5 Biggest Mistakes When Choosing Workout Shoes
The single most important piece of equipment in virtually any kind of exercise program — running, aerobics, hiking, tennis, basketball — is the right pair of shoes.
A good pair of sneakers can make or break your workout. And it’s easy to go wrong and hurt your feet.
Here are the five biggest shoe mistakes people make.
1. Grabbing Whatever’s Handy
“The biggest mistake people make when they start running, jogging, or some other exercise program is just reaching into the closet and pulling out an old pair of sneakers,” says Tracie Rogers, PhD, a consultant for the American Council on Exercise. An old pair of shoes may no longer have the support you need. And even more problematic, that pair of shoes might be inappropriate for the activity you choose.
2. Choosing the Right Shoe — for the Wrong Workout
You need to choose the right type of shoe for the kind of workout you’ll be doing.
“Running shoes have no lateral stability built into them because you don’t move your feet laterally when you run. You’re only going forward. A running shoe is built to give you support and stability as you move your foot through the running gait cycle,” says Joe Puleo, the author of Running Anatomy.
However, even walking shoes differ from running shoes. So can’t you just get a good cross-trainer and use it for everything? Maybe, maybe not.
“There’s no specificity to them — you can’t do any one thing well,” Puleo says. “You can run a mile or two. But most of them are not very good shoes for any particular activity.”
Then again, some people aren’t heavily into running, hiking, biking or any one sport. They go to the gym occasionally and hit the treadmill or do aerobics. For them, a cross-trainer might be the best choice.
Notably, the American Podiatric Medical Association (APMA) recommends that if you’re going to participate in a particular sport two to three times a week or more, you should choose a sport-specific shoe.
3. Loving Them Too Much
“Your workout shoes should be your workout shoes and not your running-around-town shoes,” Rogers says. “You’ll break down a pair of shoes standing in them or wearing them to the mall and running errands much faster than when you’re running or exercising.” So buy yourself a pair of casual tennis for running around town, and stow your good workout shoes in the closet.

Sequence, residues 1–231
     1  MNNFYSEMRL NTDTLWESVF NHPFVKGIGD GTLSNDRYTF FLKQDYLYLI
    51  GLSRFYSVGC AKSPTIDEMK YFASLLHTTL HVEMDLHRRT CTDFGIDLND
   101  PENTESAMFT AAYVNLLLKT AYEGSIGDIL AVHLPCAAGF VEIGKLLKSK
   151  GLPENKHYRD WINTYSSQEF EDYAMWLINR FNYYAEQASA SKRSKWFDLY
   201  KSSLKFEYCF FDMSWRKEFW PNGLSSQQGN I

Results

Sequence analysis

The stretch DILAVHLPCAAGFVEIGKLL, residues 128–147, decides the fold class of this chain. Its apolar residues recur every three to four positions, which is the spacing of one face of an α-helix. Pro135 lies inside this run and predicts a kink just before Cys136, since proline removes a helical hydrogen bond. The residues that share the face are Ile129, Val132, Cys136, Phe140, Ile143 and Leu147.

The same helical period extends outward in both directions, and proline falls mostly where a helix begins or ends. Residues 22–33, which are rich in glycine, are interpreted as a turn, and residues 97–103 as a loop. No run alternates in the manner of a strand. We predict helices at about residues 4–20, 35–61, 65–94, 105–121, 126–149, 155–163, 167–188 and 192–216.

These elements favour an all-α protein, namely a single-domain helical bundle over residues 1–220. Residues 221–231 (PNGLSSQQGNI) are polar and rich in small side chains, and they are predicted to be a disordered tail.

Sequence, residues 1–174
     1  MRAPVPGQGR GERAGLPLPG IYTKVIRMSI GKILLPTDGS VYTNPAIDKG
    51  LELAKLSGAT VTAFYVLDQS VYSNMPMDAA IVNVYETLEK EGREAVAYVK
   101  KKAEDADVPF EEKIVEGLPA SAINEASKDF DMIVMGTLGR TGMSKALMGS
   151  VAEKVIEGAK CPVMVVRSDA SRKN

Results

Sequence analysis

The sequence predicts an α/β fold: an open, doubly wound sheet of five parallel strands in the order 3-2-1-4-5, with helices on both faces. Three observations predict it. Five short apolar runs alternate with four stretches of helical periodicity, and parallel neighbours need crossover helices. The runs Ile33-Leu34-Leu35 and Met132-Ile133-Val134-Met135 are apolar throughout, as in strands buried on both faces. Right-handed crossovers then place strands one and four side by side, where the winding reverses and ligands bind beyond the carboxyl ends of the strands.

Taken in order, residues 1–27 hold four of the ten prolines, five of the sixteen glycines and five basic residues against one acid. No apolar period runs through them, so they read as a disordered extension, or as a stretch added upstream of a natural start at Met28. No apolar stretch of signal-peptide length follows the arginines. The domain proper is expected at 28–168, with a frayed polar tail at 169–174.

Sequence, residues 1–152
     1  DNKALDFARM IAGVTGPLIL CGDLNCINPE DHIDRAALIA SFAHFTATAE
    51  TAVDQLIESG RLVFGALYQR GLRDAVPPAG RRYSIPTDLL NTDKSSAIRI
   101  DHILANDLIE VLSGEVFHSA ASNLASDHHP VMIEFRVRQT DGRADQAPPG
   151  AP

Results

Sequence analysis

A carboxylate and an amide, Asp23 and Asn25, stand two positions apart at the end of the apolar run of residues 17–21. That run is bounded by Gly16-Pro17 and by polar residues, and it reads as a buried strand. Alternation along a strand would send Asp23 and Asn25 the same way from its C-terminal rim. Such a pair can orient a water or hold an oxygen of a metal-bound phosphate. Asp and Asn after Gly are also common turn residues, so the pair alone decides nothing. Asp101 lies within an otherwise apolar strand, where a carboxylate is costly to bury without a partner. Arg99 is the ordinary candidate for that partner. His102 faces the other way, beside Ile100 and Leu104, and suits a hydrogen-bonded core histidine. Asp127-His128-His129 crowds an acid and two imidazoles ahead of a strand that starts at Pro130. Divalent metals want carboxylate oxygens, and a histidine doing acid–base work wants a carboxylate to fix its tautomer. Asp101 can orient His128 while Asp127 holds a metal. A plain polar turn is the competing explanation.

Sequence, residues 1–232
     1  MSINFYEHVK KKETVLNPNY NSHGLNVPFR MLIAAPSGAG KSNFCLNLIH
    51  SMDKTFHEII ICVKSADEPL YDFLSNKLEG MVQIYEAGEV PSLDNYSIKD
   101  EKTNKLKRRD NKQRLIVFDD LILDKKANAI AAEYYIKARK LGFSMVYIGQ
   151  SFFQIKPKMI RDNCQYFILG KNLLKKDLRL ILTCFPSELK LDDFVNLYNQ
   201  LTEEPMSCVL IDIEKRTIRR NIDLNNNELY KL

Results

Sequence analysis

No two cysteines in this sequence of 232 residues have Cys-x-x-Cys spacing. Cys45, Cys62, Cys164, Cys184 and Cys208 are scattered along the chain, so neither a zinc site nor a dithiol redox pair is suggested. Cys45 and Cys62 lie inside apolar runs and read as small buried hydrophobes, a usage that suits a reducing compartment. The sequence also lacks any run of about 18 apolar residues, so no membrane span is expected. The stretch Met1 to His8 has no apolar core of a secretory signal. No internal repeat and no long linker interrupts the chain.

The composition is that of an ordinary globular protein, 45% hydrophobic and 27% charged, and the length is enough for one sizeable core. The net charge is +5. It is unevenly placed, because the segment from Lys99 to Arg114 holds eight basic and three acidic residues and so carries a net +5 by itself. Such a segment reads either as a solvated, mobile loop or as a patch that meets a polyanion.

4. Loving Them Too Long
Another big mistake many people make with athletic shoes is not replacing them often enough.
“They think they should replace their workout shoes when they start looking bad,” Rogers says. “But shoes start to break down while they’re still looking good. The support — the reason you buy the shoe in the first place — is gone, and you’ll start feeling strange aches and pains in your feet, knees, hips, and back.
If you’re exercising on a casual basis, you can make your shoes last a year, but if you’re working out every day, 6 months is pretty much your limit. You should also have your shoe size rechecked every year,
5. Doing It Yourself
Unless you’ve been playing your sport for a long time and have learned exactly what shoe is right for you, it’s a bad idea to just walk into a sporting goods store, try on a few pairs of shoes, and walk out with what you think is best.
Instead, go to an athletic shoe specialty store to get an expert insight on the right shoe and the best fit. They’ll take three measurements — not just one — on the metal plate known as a Brannock Device that we’ve all seen in shoe stores. You need to know not just length but also width and arch length. It’s better to take the time to get set up right than be hurting later and not even working out at all.
Source not affiliated with Aetrex Worldwide: https://www.webmd.com/fitness-exercise/features/choosing-best-workout-shoes – 1